- 2 sets of silicone rose moulds (silikonbackform ROSE SF077 by silikomart) OR 2 sets of Lekué 6 cavities semi-sphere multi cavity baking mold, red (7cm diametre) or use similar moulds PLUS 3 extra small moulds if necessary or small glasses
- 1 mould for the curd inserts (I used silikomart SF013)
- sugar thermometre (preferably probe)
Genoise sponge layer
Make the following quantities with a 30cmx40cm baking tray and use 1/3 to 1/2 of the sponge (or use a tray half the size, around 30cmx20cm and halve the quantities: 40g flour, 10g cornflour, 20g ground almonds, 120g egg (from 2 eggs), 60g caster sugar, pinch of salt, 1/4 tsp vanilla extract).
- 80g/2/3 cup cake flour (but not with baking powder) or plain/all-purpose
- 20g/2 tbsp cornflour (cornstarch)
- 40g/1/3 cup ground almonds
- 230-240g egg (from 4 medium-large eggs)
- 120g/1/2 cup caster/superfine sugar
- pinch of salt
- 1/2 teaspoon pure vanilla extract
See my genoise sponge recipe here for detailed information and photos. Whisk the flour, cornflour and ground almonds together in a medium-sized bowl. Whisk the egg and sugar in a large bowl over a bain marie until the mixture has doubled or tripled in volume and is thick. It should not go over 45º celsius (hot to touch, but not so hot so you can keep your little finger in it). Then add the salt and vanilla and whisk until the bottom of the bowl feels cool and the genoise mix is thick and fluffy (it should form a ‘ribbon’ when you let it fall – you can whisk with an electric whisk or pour into your standmixer bowl and whisk on medium-high speed).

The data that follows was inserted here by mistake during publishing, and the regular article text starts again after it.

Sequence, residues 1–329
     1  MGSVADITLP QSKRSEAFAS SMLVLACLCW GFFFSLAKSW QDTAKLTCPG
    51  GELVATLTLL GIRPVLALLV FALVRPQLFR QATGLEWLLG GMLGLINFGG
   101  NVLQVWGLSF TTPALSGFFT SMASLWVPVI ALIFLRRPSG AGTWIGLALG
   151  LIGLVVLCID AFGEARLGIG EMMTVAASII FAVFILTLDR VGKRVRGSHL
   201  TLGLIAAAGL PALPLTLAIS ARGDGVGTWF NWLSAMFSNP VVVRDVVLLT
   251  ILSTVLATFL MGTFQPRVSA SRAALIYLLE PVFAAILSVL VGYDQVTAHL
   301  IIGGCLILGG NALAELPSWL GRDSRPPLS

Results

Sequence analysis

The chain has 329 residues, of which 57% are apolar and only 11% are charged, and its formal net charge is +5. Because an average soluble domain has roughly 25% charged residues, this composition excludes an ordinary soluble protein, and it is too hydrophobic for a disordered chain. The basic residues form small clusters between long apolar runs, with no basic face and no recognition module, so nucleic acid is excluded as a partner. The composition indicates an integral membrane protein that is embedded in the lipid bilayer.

Gently fold the flour mixture in two goes with a rubber spatula until just combined. Don’t overmix or it will flatten out.
Pour the genoise mixture carefully into the middle of your baking sheet and spread with a large offset spatula knife, starting from the centre to the corner, then again from the centre to the other corner until all four corners have some mixture. Then spread along the sides. The idea is to make a flat layer by spreading with as few movements as possible so you don’t overwork the mixture and have it collapsing.
Bake about 8 to 11 minutes (depending on your oven). An inserted skewer should come out clean but don’t overbake or it will be a little dry. As soon as it comes out of the oven take it off the hot baking tray and place to cool on a wire rack so that it stays moist and doesn’t dry out!
With a cutter of diametre 5.8cm/2 and 1/4in cut out 15 rounds (they should be about 4-5mm/1/5in thick so trim if necessary).
Pralines (caramelised almonds)
Make a larger quantity than needed following the pralines recipe in my basics section. Or make the smaller quantity required:
- 60g/scant 1/2 cup almonds, with the skin
- 40g/2/5 cup granulated sugar
- 8g/ml water
To crush them, hit the pralines between sheets of baking paper with a rolling pin. You’ll enjoy that.
Healthier passionfruit-lemon curd inserts
- zest of 1 lemon
- 50g/ml freshly-squeezed lemon juice, 1-2 lemons
- 50g/ml juice of passionfruit (sieved to eliminate the seeds), about 4 pieces
- 60g/ml maple syrup (or honey, or sugar)
- 75g/ml beaten egg yolk (1 x 20g) and 1 egg (55g) mixed with: